We are camping in real desert country tonight: dry, dusty, and overlooking the plain where we can just see Tehran. To the south & east of us now is the Great Salt Desert.
We have a choice of 3 routes. North to the shores of the Caspian Sea, South of the Elburz Mts & just North of the desert to Meshed and Afghanistan, or to follow the edge of the desert and via Baluchistan to Quetta in Pakistan, thus missing Afghanistan completely. We will have to take the last option if the Afghanis refuse to renew our visas.
Weather - quite rainy
Figure 2.14: Camp outside Tehran
Sat. May 12 Tehran
Miles nil
Into Tehran early, and full-speed ahead to the British Embassy. I got the unprecedented total of 6 letters. We found the Rover agents and then went for a meal.
We had shish kebabs, a traditional dish, and it was very good. It cost about 10 shillings, which we thought very reasonable.
Found the Rover agency and the manager is letting us camp in his office while the work is carried out. Just as we turned in to the works, we got our second puncture of the trip. Spent the afternoon in a fruitless search for the Afghan Embassy to renew our visas. I am writing this now seated at the manager‘s desk.
Weather - hot & sunny
Figure 2.15: Tehran
Sun. May13 Tehran
Miles  nil
A weary morning spent haring around town in taxis looking for, first, the Afghan Embassy, then next, the Pakistani.
The Afghanis told us that our visas were o.k. and then added, as an afterthought, that the Afghan/ Pakistan frontier is closed! We went to the Pakistan Embassy and, after a lot of waiting, were told that it would cost us 5 pounds just to find out whether or not permission would be forthcoming!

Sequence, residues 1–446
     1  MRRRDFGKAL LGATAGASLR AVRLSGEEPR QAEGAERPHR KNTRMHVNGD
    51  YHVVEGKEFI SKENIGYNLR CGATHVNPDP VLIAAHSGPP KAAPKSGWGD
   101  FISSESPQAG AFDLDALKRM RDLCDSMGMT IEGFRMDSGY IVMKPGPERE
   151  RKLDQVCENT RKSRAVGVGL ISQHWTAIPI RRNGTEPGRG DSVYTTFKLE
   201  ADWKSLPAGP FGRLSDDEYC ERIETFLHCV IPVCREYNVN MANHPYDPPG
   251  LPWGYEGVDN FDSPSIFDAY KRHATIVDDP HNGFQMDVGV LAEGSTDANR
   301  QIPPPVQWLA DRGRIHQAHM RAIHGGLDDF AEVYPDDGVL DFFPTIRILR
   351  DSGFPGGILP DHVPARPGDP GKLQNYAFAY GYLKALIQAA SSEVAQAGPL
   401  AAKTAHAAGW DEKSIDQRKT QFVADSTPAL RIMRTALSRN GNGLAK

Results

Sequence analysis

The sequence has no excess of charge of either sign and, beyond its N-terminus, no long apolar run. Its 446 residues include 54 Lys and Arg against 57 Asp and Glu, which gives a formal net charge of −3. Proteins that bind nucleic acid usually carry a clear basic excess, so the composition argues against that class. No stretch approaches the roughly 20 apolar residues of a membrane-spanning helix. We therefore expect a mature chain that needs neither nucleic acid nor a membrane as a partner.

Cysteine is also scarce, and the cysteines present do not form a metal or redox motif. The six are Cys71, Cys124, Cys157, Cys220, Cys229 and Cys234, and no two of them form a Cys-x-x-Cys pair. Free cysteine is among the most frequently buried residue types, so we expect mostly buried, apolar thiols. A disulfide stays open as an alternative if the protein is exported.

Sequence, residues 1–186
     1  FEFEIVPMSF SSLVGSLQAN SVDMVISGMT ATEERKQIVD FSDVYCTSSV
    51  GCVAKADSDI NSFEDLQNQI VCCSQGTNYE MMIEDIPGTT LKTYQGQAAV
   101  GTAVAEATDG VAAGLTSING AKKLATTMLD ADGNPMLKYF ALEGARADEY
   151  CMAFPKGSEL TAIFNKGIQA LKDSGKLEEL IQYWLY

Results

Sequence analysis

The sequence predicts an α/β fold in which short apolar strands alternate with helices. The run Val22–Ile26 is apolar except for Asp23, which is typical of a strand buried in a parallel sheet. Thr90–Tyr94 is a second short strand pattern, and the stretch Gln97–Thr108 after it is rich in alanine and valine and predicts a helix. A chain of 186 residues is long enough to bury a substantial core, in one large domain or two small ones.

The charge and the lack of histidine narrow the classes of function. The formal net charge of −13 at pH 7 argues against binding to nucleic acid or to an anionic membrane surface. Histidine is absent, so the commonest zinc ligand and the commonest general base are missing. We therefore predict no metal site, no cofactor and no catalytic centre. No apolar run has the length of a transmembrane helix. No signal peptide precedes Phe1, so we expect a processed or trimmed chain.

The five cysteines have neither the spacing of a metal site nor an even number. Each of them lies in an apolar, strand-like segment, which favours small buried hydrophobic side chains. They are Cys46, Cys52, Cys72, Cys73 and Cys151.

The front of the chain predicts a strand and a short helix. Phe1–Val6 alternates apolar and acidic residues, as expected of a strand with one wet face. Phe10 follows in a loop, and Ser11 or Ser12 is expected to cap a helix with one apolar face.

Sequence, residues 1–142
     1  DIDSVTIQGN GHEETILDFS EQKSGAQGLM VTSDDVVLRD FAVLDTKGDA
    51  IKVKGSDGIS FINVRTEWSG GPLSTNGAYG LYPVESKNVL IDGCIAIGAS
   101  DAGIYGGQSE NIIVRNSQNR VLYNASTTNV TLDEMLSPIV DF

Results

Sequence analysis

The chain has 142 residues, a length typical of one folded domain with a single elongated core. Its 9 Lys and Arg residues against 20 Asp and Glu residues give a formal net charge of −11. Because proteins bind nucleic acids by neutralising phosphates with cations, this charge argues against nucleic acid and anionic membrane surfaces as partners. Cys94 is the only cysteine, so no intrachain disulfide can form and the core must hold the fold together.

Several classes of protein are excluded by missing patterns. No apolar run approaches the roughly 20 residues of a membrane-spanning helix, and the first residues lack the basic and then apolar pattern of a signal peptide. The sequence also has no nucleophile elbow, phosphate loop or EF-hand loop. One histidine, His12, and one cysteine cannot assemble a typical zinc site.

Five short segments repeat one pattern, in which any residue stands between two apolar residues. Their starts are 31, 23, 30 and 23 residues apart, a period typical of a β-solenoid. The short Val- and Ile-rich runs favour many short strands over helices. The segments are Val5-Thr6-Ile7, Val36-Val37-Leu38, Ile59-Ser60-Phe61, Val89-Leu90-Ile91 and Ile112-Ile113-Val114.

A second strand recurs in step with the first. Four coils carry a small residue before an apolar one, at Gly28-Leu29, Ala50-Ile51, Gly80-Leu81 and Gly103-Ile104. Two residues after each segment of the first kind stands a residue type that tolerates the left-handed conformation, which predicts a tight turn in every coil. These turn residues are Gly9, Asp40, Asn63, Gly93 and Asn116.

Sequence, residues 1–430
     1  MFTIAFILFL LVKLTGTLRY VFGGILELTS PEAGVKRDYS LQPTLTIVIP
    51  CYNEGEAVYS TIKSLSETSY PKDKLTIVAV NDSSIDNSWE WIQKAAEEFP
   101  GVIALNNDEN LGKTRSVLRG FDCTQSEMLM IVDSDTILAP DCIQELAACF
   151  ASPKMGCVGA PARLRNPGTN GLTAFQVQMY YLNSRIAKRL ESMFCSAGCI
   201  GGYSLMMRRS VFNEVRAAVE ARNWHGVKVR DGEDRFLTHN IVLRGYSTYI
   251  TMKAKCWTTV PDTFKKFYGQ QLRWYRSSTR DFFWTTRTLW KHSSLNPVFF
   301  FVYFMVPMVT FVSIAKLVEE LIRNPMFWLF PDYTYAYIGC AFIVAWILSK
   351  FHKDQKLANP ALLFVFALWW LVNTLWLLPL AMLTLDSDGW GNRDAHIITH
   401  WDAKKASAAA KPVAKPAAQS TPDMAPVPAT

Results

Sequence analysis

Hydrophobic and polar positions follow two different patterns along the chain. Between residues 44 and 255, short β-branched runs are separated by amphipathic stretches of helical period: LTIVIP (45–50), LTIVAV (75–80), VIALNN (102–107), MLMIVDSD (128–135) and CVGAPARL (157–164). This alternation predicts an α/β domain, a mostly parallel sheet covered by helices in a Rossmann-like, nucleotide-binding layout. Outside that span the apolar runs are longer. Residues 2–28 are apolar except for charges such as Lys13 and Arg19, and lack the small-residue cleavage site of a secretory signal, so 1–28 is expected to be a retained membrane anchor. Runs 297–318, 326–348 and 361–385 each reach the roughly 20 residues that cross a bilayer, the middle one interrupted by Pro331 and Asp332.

So we said to hell with it, and will now take the southern route through Persia and direct into Pakistan. We then spent all afternoon looking for the police office that issues exit passes. I have never seen a country like this one for filling up passports. Tehran is a very modern city, clean & spaciously laid-out but with little of real interest in the city itself. It is the warmest place we have been in so far and I don’t think I would like it in summer.
Weather - hot & sunny

Figure 2.16: Tehran

Week 5 - end of part 1

Mon. April 30 Istanbul to Bolu
Miles 165
Up early for a change & straight down to the Matas trading co. to pay our respects and thank the management for their hospitality. From there to the embassy to arrange to have mail forwarded to Tehran. Finally, at about 10.40. we drove onto the ferry & 10mins later we drove off at Scutari in Asia. Past the Florence Nightingale Hospital & the infamous barracks, and we were away on the road to Ankara.
Figure 1.50: Tony Stead, ferry to Scutari
Just outside Izmit the roof rack started to fall to bits so we had a longish stop to get it sorted out. We have a really pleasant camp-site for tonight-quite high up in the hills and away from the main road. Did an engine oil change on the land rover, also cleaned the air filter.
Weather - warm & cloudy.

Tues. May 1 Bolu to Ankara
Miles 207